Thank you for the compliments. Yes I think the reason why it is so difficult to reverse so many stutterers distorted mind is that because they have had this mindset being re-enforced from a very young age and so with having that mindset for decades it is very difficult to reverse. I think if we can get the young people who stutterer to obtain acceptance at a young age and start to get motivated to work on their communication skills just like any non-stutterers need to they will not have such a negative distorted mindset that gets developed over a lifetime. I think had I gotten involved in the National Stuttering Association at a younger age and attended the annual conference when I was young, my journey towards acceptance would have happened much sooner in life and would not have endured so much pain and let it hold me back so much. The key is to get people who stutter to get motivated to want to improve their communication skills and it is hard to get this motivation to do so when you have such a distorted mindset. I spent my whole childhood and younger years just going to speech therapy, but was never focused on improving my communication skills and confidence which is really what I needed. If we can teach these young people who stutter these lessons, we will be literally saving them decades of unnecessary pain.

      — Kunal Mahajan

  5. Thank you for sharing, Kunal. Your introspection and motivation for self improvement are very inspiring! You mentioned attending speech therapy in school and intensive clinics as an adult. As an adult, have you also attended one-on-one speech therapy? I am familiar with both models, but I am interested in your perspective on the difference in beneficial experiences between the two.

    • Nicole,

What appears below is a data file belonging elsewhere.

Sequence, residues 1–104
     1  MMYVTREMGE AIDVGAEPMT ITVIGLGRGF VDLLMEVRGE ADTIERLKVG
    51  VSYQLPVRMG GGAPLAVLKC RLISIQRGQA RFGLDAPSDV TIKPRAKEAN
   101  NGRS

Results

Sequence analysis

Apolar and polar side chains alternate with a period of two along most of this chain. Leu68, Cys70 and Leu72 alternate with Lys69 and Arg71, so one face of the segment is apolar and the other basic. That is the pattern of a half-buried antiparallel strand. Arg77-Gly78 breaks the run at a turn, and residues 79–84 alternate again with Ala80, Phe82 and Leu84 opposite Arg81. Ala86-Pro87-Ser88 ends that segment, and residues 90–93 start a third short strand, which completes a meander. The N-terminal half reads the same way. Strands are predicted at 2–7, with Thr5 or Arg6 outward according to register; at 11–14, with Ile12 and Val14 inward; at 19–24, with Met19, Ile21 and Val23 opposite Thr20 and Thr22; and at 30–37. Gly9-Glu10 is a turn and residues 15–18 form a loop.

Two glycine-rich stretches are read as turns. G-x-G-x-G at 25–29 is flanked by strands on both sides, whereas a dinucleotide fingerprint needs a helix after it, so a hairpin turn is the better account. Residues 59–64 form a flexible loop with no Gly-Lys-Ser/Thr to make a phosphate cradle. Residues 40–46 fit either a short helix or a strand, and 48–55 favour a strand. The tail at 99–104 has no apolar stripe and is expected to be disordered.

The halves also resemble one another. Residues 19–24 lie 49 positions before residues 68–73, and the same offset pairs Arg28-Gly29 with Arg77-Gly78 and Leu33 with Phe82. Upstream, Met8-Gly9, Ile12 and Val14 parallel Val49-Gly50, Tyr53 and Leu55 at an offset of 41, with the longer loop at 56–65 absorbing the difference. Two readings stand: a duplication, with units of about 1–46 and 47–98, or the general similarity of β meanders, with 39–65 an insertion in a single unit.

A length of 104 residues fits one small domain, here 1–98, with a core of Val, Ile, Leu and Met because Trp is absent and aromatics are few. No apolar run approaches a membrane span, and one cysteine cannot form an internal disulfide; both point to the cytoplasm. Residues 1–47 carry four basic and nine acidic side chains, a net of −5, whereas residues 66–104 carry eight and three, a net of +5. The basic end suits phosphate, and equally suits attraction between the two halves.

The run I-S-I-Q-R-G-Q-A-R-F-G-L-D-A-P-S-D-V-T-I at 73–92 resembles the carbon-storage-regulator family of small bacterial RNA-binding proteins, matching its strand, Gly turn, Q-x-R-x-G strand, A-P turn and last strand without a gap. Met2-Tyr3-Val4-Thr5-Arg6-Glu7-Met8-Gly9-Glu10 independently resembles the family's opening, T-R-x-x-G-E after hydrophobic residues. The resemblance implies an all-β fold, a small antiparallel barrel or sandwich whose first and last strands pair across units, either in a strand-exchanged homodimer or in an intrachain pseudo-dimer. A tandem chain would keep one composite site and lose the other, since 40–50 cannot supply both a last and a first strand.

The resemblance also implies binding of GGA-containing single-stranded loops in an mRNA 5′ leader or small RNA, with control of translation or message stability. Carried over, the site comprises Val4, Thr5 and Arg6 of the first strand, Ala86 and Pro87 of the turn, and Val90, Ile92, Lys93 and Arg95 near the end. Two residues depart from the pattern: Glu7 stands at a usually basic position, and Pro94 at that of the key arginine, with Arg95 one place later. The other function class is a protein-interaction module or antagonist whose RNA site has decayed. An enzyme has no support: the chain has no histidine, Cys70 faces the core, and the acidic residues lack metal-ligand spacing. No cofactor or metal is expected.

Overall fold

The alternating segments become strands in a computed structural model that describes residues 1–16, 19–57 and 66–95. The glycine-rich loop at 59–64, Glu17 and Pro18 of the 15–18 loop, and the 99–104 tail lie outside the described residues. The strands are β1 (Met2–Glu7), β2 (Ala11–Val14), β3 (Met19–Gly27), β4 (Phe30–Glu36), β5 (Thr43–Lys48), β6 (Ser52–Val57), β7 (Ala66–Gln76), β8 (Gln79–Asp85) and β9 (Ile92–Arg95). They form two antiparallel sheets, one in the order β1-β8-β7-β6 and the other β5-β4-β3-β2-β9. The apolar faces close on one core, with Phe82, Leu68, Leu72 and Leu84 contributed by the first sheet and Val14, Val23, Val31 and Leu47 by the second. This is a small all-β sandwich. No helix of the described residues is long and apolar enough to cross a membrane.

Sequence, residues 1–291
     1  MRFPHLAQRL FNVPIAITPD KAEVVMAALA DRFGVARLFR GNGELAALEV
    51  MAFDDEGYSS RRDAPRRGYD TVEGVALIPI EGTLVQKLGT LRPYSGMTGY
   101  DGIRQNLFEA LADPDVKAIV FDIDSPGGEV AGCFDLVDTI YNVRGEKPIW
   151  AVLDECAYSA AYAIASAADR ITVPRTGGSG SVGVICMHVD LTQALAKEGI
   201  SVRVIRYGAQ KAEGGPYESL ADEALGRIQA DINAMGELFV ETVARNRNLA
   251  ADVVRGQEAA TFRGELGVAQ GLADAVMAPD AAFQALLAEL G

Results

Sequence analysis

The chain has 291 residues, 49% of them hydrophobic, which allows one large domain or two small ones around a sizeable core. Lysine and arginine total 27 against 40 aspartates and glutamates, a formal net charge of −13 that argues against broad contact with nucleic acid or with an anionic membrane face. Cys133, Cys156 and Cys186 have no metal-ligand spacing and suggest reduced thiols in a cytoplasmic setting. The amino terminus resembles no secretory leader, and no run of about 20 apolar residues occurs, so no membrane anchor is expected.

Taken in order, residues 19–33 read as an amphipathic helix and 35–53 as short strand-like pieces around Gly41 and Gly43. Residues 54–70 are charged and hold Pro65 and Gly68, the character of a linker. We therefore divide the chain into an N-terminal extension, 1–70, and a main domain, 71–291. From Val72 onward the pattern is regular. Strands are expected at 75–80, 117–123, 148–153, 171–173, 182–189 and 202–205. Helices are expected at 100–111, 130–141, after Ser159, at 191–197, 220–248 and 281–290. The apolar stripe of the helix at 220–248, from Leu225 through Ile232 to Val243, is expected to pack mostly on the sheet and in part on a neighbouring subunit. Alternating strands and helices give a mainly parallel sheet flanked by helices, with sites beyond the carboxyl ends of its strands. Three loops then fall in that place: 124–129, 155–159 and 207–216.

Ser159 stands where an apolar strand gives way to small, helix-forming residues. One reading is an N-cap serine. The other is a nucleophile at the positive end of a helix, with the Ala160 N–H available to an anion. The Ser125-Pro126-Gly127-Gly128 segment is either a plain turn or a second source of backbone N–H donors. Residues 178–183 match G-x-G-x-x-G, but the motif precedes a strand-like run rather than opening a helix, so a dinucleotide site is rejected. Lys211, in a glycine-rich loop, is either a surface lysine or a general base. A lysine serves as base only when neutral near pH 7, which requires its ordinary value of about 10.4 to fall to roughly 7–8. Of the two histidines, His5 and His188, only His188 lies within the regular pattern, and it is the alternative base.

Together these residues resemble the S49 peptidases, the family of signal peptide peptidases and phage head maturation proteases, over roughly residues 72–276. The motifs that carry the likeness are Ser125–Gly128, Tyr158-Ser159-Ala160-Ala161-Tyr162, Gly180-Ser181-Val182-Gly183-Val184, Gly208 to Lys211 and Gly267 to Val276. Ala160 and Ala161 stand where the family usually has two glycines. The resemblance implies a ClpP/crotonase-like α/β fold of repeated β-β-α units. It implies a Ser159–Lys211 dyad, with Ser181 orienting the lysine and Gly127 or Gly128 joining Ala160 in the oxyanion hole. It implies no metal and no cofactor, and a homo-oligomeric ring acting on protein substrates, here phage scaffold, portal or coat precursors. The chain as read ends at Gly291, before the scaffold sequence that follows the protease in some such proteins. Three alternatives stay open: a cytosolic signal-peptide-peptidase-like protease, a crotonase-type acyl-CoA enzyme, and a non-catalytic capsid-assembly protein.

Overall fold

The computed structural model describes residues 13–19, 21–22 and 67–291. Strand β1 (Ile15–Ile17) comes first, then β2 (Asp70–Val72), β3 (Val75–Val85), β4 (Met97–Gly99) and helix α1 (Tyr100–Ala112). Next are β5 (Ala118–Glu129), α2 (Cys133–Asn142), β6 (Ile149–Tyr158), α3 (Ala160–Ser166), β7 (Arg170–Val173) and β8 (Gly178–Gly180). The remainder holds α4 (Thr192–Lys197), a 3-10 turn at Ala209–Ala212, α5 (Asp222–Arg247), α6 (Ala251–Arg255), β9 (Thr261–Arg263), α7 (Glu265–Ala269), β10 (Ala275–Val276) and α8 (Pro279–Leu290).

Thank you for the comments and appreciate the compliments. Yes my entire childhood and throughout high school was focused just on speech therapy and didn’t start attending intensive clinics until I became a professional and really didn’t start working on becoming an effective communicator until a year ago (when I was 31 years old). Before I went to the intensive clinics, I was doing speech therapy as an adult as well. I would tell you that the speech therapy I had over the years (both as a child and an adult) was not particularly effective because of the fact that I never had obtained the acceptance. It is very difficult to be motivated to implement different speech managing techniques when you still do not have the acceptance and have such a distorted mindset because even when you are managing your stutter, you don’t think you did a good job of it because your distorted mind makes you feel that any stutter is a failure and people are judging you no matter what. I was not able to make any real progress until I obtained the acceptance AND I realized that while MOST people do not care about whether I stutter or not, they DO care about how effective my communication skills are. Reframing that mindset and realizing that to be an effective communicator it takes a lot of work that everyone (whether you stutter or don’t) have to work on and that there were programs designed for people in general to improve their communication skills is what got me motivated to put in the work to change. Many people who stutter just spend most of their time being concerned if people are judging them on their stutter and stressing out about how they sound, but very few are actually putting in the work to improve all aspects of their communication skills. Through Toastmasters and the Dale Carnegie Leadership program, I was really able to see what are the things that make people effective communicators and I quickly realized I did not have any of those things and that I was a very poor communicator. Those programs gave me the education of what effective communication really is and provided me a forum to adopt some of these principles which has allowed me to become an effective communicator today. Speech therapy cannot improve these communication skills like these other programs can and lead you to this path of becoming an effective communicator. However, my intensive stuttering clinics were crucial towards getting me to obtain acceptance and helping me recognize that the world is focused on our communication skills, not our stutter, and once I had that integrated into my mindset my journey has been all about improving my communication skills everyday. I find the stuttering and speech community do not emphasize this point enough and I think by not doing so, it gives many people who stutter a free pass thinking that they are not responsible for putting in the work to become an effective communicator. They therefore never do put in that work and never do become an effective communicator which is something that holds back many people in life both professionally and personally. Obtaining acceptance is just the first step. It is what you do after you obtain the acceptance is when you really will start to shine and be able to realize your full potential.